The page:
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  7. Default

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    Platies are great! This is why they are going to be the first fish that I am going to try to breed!

  8. #8

    Default I love Platies

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    I started with Danios for their hardiness, but I have been absolutely amazed with Platies. I have been mostly sticking with red ones - regular red all over, red wags and mickey mouse. They are sturdy and beautiful. I still have two females - a red wag and a mickey mouse, and may get them a friend in the spring (I have a ten gallon tank, so I can only have so many at a time and the platies are so much bigger than danios).

    They are beautiful to behold.
    10 Gallon Tank - at home - 1 female Red Wag Platy, plus 25+ fry (still counting).
    4.6 US Gallon Mermaid Tank - 1 Betta (Prometheus)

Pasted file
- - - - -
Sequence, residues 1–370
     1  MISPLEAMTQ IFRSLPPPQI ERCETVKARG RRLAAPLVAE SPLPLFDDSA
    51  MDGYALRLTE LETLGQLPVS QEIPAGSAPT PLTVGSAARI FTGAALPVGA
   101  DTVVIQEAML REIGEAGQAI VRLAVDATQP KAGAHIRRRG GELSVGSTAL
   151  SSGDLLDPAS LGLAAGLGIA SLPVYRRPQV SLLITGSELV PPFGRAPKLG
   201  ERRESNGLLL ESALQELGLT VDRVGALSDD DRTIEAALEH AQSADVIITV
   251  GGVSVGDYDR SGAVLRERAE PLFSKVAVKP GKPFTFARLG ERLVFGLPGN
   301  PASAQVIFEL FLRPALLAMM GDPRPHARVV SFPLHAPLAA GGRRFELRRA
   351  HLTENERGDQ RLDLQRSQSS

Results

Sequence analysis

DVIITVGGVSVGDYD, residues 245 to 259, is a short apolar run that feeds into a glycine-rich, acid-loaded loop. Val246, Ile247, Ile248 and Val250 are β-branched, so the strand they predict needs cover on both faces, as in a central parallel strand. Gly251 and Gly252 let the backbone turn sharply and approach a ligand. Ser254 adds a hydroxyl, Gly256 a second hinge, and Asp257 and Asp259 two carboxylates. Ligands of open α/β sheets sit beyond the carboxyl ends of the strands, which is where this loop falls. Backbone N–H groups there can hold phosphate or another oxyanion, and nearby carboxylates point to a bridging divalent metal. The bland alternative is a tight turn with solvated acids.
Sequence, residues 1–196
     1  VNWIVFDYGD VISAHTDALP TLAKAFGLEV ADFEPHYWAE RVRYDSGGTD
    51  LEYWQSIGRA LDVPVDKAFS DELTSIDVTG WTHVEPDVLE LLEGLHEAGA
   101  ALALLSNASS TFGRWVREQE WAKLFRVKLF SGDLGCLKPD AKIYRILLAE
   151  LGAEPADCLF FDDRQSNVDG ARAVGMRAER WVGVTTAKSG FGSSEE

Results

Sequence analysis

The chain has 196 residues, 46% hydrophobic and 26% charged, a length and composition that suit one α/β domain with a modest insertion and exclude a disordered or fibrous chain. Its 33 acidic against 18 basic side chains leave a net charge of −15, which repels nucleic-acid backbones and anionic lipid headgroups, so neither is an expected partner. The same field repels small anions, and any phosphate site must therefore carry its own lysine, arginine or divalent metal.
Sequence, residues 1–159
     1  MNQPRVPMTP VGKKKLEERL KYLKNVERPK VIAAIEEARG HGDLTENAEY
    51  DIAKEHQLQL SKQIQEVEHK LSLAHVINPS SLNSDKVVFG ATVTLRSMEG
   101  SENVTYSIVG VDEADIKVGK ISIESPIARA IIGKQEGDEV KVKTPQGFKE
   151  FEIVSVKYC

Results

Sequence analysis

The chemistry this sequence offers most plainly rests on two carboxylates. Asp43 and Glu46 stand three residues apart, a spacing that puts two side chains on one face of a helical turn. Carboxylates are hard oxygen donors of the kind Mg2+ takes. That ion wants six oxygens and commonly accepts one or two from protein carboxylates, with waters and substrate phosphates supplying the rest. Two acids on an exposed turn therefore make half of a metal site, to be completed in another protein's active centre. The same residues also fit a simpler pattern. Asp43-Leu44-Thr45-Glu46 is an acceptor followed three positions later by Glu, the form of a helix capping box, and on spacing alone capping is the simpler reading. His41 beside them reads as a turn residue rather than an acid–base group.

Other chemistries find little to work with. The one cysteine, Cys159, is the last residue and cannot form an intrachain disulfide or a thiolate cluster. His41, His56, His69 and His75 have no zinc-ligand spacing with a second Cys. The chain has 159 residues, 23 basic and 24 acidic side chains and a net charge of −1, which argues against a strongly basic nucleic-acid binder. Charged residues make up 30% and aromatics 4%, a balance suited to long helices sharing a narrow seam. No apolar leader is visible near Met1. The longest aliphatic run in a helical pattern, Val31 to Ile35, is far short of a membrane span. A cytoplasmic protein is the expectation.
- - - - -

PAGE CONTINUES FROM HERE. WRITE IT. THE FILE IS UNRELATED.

1/2 gallon quaranteen tank - empty.
    10 Gallon Tank - at work - 1 Zebra Danio and 1 female (silver and red) Dawn Platy.

    My Mickey Mouse Platy (male) passed away, but his tattoo lives on in his offspring.

  9. #9

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    0 Not allowed!
    Thank you for this info. This is my first time having Platys and I have been amazed at their drama. I thought they were very peace loving, but I have found, as you said, the males to be agressive with each other. Also my Platy have been occasionally agressive in other ways. For instance - feeding bloodworm to the tank, the corys want to just sit and chomp on them on the bottom for awhile. My Platy will rush down and pull it right out of their mouths.

  10. Default

    0 Not allowed!
    Great! Thank you for the informative article. I am thinking about purchasing a few Platies and this overview is much appreciated!